Subtraction by Addition: Why a 32nd NHL Franchise is Bad News
(Photo courtesy of Oak View Group)
On February 13th, 2018, it became official: Seattle mayor, Jenny Durkan, announced on Twitter that Oak View Group completed an application for Seattle to become the 32nd franchise in the NHL. Once Key Arena is fully renovated, the earliest the team could begin playing is the 2020-21 season. Herein lies my biggest concern: Is another expansion team what is best for the NHL? Simple answer: No, not even close. The immediate and long-term implications are too great to be ignored and threaten everything that has made the NHL great in this salary cap era. Here is why:
The NHL Expansion Draft Process is Riddled with Flaws
Commissioner Gary Bettman confirmed that the NHL has no plans to change the Expansion Draft for a potential Seattle team. Not to deter from the unprecedented success of the Vegas Golden Knights (VGK), who were crowned Pacific Division champions in their inaugural season, but it is hard to believe they would be where they are now without the advantage of this ridiculous Expansion Draft process. Simply put, current NHL teams are left too exposed to be plundered of their talent, yet again.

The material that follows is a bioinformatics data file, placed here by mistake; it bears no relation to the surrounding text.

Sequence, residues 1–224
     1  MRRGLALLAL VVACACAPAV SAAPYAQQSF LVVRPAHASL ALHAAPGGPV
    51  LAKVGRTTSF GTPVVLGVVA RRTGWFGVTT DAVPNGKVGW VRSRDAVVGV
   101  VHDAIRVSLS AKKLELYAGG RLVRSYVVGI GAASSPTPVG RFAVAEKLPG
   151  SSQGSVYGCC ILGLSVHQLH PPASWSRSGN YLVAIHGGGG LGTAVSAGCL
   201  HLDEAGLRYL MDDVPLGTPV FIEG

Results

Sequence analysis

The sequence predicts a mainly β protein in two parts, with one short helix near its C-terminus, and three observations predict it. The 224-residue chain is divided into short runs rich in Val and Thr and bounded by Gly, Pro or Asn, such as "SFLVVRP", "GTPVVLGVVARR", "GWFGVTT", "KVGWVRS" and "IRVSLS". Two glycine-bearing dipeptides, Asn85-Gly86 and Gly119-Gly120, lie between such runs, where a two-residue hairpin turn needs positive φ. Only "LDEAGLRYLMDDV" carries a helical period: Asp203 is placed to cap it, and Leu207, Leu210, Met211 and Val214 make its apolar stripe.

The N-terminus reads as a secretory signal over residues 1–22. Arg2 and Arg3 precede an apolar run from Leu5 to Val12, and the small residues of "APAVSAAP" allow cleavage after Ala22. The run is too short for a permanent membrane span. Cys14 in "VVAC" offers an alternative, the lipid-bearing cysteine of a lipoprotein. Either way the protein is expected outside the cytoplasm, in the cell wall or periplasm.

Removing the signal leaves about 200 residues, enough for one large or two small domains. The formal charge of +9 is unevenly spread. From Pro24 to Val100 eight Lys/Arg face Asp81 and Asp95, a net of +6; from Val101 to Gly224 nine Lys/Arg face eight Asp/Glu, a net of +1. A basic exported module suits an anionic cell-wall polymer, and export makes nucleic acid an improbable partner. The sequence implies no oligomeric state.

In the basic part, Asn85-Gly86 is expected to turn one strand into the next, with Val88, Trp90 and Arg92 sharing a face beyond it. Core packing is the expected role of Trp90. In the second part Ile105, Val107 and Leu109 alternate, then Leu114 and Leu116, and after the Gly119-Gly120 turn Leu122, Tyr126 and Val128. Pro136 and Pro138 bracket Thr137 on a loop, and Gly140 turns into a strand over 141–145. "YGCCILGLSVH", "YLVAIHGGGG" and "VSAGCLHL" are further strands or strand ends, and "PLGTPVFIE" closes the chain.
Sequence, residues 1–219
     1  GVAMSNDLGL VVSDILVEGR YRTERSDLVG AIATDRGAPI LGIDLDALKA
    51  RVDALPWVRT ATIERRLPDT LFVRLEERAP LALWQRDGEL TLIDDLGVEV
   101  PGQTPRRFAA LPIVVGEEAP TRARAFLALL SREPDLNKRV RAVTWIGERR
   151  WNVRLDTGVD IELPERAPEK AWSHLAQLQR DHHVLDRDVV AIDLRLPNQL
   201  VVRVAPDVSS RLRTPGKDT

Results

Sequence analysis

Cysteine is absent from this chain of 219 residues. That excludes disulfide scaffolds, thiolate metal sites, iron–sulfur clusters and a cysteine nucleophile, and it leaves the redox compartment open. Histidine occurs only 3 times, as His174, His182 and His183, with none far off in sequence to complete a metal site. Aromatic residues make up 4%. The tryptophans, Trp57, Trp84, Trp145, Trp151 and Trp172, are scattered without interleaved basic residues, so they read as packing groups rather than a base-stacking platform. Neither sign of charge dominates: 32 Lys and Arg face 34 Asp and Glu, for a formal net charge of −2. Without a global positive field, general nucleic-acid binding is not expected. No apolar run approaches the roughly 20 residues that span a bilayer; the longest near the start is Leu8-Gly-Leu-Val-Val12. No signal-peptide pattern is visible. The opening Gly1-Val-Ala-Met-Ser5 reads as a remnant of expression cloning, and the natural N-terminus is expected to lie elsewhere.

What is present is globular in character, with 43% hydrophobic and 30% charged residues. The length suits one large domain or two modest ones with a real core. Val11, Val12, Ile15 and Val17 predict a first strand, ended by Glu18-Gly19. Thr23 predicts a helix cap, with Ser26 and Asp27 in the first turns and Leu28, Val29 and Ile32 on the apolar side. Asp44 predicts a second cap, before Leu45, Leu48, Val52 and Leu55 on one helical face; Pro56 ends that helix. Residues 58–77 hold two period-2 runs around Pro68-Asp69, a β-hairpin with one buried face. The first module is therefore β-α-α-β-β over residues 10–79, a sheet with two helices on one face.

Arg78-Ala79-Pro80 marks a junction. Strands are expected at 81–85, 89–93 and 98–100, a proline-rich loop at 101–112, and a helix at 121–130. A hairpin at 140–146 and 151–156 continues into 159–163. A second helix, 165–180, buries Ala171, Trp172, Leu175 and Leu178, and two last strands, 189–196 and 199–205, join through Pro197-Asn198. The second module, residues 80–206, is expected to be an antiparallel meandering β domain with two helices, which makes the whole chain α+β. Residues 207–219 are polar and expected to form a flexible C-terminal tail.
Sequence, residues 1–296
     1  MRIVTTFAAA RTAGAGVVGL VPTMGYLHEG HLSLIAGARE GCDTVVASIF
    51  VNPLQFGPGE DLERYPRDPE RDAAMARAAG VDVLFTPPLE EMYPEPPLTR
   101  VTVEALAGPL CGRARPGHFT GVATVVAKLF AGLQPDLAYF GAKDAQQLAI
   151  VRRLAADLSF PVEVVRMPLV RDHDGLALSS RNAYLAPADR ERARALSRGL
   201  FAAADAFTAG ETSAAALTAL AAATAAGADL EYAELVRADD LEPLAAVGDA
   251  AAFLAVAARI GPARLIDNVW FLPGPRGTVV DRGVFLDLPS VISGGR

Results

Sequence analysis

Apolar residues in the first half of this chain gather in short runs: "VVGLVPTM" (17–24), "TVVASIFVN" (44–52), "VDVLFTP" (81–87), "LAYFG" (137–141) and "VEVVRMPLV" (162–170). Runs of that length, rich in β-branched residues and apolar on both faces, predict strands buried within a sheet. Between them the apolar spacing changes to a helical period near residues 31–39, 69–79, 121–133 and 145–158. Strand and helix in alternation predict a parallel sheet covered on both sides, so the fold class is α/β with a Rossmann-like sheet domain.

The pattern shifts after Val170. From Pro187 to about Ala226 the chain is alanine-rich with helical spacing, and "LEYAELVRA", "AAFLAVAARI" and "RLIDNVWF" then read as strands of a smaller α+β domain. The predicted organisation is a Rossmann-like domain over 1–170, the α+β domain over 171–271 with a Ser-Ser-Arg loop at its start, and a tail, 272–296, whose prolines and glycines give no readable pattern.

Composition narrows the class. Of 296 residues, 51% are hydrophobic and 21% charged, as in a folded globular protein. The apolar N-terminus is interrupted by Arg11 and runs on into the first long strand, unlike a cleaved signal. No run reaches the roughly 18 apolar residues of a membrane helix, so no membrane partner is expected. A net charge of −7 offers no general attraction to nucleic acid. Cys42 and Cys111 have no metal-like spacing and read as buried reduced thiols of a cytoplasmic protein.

Teams who fell victim to the Expansion Draft:
1) The Florida Panthers, who were forced to trade VGK Reilly Smith in exchange for VGK selecting Jonathan Marchessault. The result? Two first-line wingers with a total of 135 points.
2) The Minnesota Wild also fell victim to the Expansion Draft as they needed to move Alex Tuch in exchange for VGK selecting Erik Haula, both of whom accumulated a total of 92 points this season.
3) The 26th overall selection from the 2013 NHL Entry Draft and Canadian World Junior gold medalist, Shea Theodore, was dealt to VGK from Anaheim to ensure VGK would not select two of their young gifted defenders in Josh Manson and Brandon Montour.
4) To protect the key members of their roster, the Columbus Blue Jackets traded their 2017 1st pick, 2019 2nd round pick, and David Clarkson in exchange for VGK selecting William Karlsson, who was far and away VGK’s best player, amassing 43 goals this season.
While I can further illustrate examples of the detriment of the Expansion Draft to current NHL rosters, it is worth mentioning that the Buffalo Sabres, Carolina Hurricanes, Winnipeg Jets, Tampa Bay Lightning, New York Islanders, and Pittsburgh Penguins also made deals with VGK to retain players that they could not originally protect.
Case in point? The Expansion Draft favors creating a new competitive roster at the expense of current NHL teams who have worked tirelessly over the years to create their own, whether it be for contending now or pooling prospects for the future. It is a heinous crime that VGK was gifted an incredibly deep line-up while every other team scrambled to keep hold of players. The pinnacle role of a GM is to build a core group of players that will consistently compete for hockey’s most illustrious accolade. Is this not the ultimate goal of any sport, to win championships? Why must GM’s be so accommodating to ensure the success of another team?